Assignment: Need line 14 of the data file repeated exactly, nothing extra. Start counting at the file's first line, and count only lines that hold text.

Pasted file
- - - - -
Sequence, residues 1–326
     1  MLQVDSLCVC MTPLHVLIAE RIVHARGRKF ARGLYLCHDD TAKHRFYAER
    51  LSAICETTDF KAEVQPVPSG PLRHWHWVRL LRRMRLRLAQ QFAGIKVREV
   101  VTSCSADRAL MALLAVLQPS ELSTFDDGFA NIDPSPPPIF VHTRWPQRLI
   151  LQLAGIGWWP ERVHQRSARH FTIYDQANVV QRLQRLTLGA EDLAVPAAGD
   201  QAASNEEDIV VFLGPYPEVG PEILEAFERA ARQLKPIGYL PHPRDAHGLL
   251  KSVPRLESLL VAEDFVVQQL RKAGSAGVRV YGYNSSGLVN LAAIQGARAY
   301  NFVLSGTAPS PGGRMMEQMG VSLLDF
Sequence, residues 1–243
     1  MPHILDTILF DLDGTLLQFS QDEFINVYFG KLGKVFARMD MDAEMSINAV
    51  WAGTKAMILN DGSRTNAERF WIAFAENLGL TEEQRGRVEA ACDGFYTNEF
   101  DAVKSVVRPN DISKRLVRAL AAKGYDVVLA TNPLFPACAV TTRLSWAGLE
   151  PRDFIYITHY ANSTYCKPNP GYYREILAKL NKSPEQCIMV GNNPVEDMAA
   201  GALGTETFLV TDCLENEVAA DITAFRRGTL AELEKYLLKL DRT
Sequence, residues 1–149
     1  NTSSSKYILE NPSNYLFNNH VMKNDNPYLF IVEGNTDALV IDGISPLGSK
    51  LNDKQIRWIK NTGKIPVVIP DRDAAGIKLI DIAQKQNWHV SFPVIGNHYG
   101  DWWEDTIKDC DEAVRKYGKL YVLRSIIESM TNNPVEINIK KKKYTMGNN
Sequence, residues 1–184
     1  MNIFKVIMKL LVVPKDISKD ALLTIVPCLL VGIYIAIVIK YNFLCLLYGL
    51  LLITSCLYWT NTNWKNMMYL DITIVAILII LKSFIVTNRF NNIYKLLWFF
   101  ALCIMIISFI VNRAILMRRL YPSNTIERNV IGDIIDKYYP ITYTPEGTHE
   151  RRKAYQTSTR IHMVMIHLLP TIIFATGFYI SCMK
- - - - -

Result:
   201  GALGTETFLV TDCLENEVAA DITAFRRGTL AELEKYLLKL DRT